Successful games or not, Manchester is not the place to site a national stadium. I think that practically, somewhere around Birmingham would be a better choice. London's too expensive for a start and at least Birmingham is central and has good motorway / rail / air access. If there is going to be a new stadium it should incorporate a running track but have the ability to cover them with seats when athletics are not happening.
An Olympic bid would be more successful if it was a national bid and not a city based event. That way you would not have to build new stadia just for the event but utilise existing facilities around the country. It also spreads the costs and profits around too.
One other thing. Does it really cost £750 million to build a new football stadium? I don't think so, someone will be taking a big chunk of that money for themselves one way or another.
Airsicknessbag From Germany, joined Aug 2000, 4723 posts, RR: 32
Reply 3, posted (12 years 10 months 15 hours ago) and read 1542 times:
This is in no way meant to be anti-British or anything - in fact I say this about Olympic Games in the US too - but I really wouldn´t like to see one city get the Olympic Games awarded for a fourth time/to host them a fourth time. There have been countries that have never had games, whole (sub)continents - let them do it first, then rethink about London or Paris.
David_itl From United Kingdom, joined Jun 2001, 7586 posts, RR: 13
Reply 4, posted (12 years 10 months 14 hours ago) and read 1570 times:
Daniel, Britain has never actually won the right to the Olympic Games; each time that London has hosted them, it's been a case of helping the movement out. Therefore, it would be nice if Britain were to win a bid!
But with the congestion problems that London has at the moment, any British bid must be away from there! I've experienced no delays here during the Commonwealth Games despite having both the Athletes Village and the Aquatic Centre on my bus route, with the G-Mex Centre, MEN Arena and Manchester International Convention Centre also reached via my bus route.
I'm not too sure that there would be many cities in the underdeveloped world who would be able to afford to host the Olympic Games - remember the winning city will be the one that has the best shops and most 5 star hotels so that the IOC delegates can stay somewhere nice and also spent the most amount of money bribing...oops entertaining them. It doesn't matter about the sporting facilities. We in Manchester were told that we had too few 5 star hotels.....quite what these hotels would have been doing after an Olympic Games is another matter as there is relatively little need for that kind of luxury here!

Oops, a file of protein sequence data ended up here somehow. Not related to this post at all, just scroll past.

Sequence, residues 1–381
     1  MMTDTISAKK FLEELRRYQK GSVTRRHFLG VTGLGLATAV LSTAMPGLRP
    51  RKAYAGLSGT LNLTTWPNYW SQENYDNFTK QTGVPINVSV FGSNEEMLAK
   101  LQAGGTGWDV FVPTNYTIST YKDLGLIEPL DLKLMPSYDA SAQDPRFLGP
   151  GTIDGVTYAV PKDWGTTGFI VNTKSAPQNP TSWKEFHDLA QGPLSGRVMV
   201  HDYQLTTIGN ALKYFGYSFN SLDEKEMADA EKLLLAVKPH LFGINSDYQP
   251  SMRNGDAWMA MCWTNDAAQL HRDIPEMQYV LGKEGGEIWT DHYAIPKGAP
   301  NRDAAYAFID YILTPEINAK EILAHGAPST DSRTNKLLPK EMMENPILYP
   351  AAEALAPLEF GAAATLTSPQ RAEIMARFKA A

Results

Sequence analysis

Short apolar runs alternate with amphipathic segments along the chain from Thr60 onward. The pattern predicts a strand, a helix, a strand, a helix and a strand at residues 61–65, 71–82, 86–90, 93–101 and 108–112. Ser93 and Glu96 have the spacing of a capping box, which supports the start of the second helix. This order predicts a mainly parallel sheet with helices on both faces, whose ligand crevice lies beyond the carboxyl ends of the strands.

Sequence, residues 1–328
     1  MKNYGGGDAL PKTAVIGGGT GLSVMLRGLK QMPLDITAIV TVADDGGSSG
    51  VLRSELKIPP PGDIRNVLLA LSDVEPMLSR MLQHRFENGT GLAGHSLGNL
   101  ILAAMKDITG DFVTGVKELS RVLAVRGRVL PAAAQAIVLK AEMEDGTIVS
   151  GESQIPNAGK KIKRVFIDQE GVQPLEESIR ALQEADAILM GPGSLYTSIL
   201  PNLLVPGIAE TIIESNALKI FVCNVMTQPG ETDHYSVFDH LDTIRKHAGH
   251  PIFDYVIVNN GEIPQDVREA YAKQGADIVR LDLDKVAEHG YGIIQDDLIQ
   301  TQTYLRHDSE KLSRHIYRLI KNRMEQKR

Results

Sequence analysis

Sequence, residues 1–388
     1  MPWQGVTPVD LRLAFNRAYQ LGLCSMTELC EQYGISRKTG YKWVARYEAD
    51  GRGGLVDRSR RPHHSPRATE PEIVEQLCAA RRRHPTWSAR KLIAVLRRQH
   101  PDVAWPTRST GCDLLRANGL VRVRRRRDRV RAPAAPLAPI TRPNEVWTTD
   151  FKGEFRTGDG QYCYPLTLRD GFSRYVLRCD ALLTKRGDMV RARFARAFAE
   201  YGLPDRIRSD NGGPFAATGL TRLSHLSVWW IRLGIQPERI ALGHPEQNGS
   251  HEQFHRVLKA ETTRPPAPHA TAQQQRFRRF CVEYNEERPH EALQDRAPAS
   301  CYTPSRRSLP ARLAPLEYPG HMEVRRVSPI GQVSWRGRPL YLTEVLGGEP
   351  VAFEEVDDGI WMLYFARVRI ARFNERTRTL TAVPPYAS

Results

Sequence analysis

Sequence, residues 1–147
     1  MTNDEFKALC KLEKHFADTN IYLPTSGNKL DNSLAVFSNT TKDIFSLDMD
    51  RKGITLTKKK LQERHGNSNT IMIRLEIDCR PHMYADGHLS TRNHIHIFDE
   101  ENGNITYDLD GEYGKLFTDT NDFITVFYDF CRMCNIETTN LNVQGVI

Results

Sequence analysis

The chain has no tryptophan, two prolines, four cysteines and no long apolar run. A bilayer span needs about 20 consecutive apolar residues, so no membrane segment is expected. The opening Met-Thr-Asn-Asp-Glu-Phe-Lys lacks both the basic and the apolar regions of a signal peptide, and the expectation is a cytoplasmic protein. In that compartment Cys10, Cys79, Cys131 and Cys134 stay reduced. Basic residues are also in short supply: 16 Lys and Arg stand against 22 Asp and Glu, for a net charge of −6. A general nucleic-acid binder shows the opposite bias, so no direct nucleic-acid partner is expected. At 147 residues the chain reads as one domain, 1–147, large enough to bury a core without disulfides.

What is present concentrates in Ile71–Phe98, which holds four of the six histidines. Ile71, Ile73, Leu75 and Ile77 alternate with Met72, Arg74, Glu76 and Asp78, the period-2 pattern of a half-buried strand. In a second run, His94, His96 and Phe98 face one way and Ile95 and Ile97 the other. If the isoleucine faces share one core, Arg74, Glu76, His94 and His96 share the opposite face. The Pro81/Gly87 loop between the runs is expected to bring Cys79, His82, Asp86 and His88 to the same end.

Racko From Germany, joined Nov 2001, 4887 posts, RR: 19
Reply 5, posted (12 years 10 months 13 hours ago) and read 1517 times:
I would love to see the 2012 Games in Frankfurt, but that's probably just a dream. The German winner will be either Berlin or Rhein/Ruhr, and I think both regions have good chances to get the Games. If, and that's a big If, if the Olympic Comitee isn't corrupt anymore ...
Srbmod From , joined Dec 1969, posts, RR:
Reply 6, posted (12 years 10 months 12 hours ago) and read 1509 times:
Being a resident of a former Olympic city (Atlanta '96), I can say that Manchester would make a good site for the Summer Olympics, but in terms of name association, it ranks up there with Atlanta. You think of U.S. Olympic sites, two cities spring to mind LA and Lake Placid, not Atlanta. You think of Britain and Olympics, you think London. Any future bid for an Olympics in the UK will have to be an concerted effort among many cities in the country. Here in Atlanta, most of the events were within an hour's drive of Atlanta, with the furthest events being between 2-5 hours away by car. In England, the venues would have to be spread out to other cities like Southampton, Brighton, Cambridge, etc., somewhere like London does not have the abiltiy to have all of the events within a set area. Yes the area around London has numerous football stadiums, but with most league seasons ending about two months prior to the usual start of the Summer Olympics, some teams would have to share stadiums during the season(s) prior to the Olympics coming. As for Wembley, they've really dragged this one out. If Britain really wants to have the World Cup return, they're going to have to build a showcase stadium in London, whether or not it is going to be at the current Wembley site. Where would they hold the Finals at? Craven Cottage?
David_itl From United Kingdom, joined Jun 2001, 7586 posts, RR: 13
Reply 7, posted (12 years 10 months 11 hours ago) and read 1503 times:
Are you sure that we'd need that many cities to host the Olympic Games? Below is the plan of venues for the Commonwealth Games.
Full description of the venue are to be found here.
Most other Olympic events can take place within an hour of the city centre e.g. Tennis in Bramhall (near Stockport), Football (Old Trafford, City of Manchester Stadium - might even rope in Liverpool and Everton's new grounds). Rowing would probably take place in Nottingham.